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Associations of ARMS2 and CFH Gene Polymorphisms with Neovascular Age-Related Macular Degeneration

Authors Supanji S, Romdhoniyyah DF, Sasongko MB, Agni AN, Wardhana FS, Widayanti TW, Prayogo ME, Perdamaian ABI, Dianratri A, Kawaichi M, Oka C

Received 20 December 2020

Accepted for publication 22 February 2021

Published 11 March 2021 Volume 2021:15 Pages 1101—1108


Checked for plagiarism Yes

Review by Single anonymous peer review

Peer reviewer comments 2

Editor who approved publication: Dr Scott Fraser

Supanji Supanji,1– 4 Dewi Fathin Romdhoniyyah,1,2 Muhammad Bayu Sasongko,1,2,4 Angela Nurini Agni,1,2,4 Firman Setya Wardhana,1,2,4 Tri Wahyu Widayanti,1,2,4 Muhammad Eko Prayogo,1,2,4 Ayudha Bahana Ilham Perdamaian,1,2 Aninditta Dianratri,1,2 Masashi Kawaichi,5 Chio Oka5

1Department of Ophthalmology, Faculty of Medicine, Public Health and Nursing, Universitas Gadjah Mada, Yogyakarta, Indonesia; 2Department of Ophthalmology, Dr. Sardjito General Hospital, Yogyakarta, Indonesia; 3Ophthalmology Clinic, Military Air Force Central Hospital Dr. Suhardi Hardjolukito, Yogyakarta, Indonesia; 4Ophthalmology Clinic, Dr YAP Eye Hospital, Yogyakarta, Indonesia; 5Laboratory of Gene Function in Animals, Nara Institute of Science and Technology, Ikoma, Nara, Japan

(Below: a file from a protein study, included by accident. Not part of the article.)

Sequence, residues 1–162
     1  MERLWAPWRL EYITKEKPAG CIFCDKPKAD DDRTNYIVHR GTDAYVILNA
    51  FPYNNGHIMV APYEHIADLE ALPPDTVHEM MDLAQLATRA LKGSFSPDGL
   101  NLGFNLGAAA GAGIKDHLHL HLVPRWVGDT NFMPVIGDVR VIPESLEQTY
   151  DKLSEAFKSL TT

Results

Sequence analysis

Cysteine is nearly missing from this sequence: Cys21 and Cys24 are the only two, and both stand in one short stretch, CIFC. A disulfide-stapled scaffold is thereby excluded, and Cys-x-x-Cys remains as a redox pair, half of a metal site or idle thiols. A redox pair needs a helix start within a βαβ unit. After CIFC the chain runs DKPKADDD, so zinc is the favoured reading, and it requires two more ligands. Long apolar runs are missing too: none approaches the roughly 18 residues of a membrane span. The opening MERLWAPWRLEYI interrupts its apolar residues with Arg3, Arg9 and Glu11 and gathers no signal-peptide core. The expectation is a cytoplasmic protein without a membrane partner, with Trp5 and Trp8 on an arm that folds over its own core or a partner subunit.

Correspondence: Supanji Supanji
Department of Ophthalmology, Faculty of Medicine, Public Health and Nursing, Universitas Gadjah Mada, Jalan Farmako Sekip Utara, Yogyakarta, 55281, Indonesia
Tel +62 274 560300
Fax +62 274 581 876
Email [email protected]

Purpose: This study aimed to determine the association of ARMS2 A69S, ARMS2 del443ins54, and CFH Y402H polymorphisms with neovascular age-related macular degeneration (nAMD) for the first time in an Indonesian population.
Patients and Methods: Our case–control study involved 104 nAMD and 100 control subjects. AMD diagnosis was evaluated by retinal specialists based on color fundus photography and optical coherence tomography. The polymorphisms on CFH Y402H and ARMS2 A69S were analyzed by PCR-restriction fragment length polymorphism (PCR-RFLP), whereas ARMS2 del443ins54 was evaluated by PCR-based assay.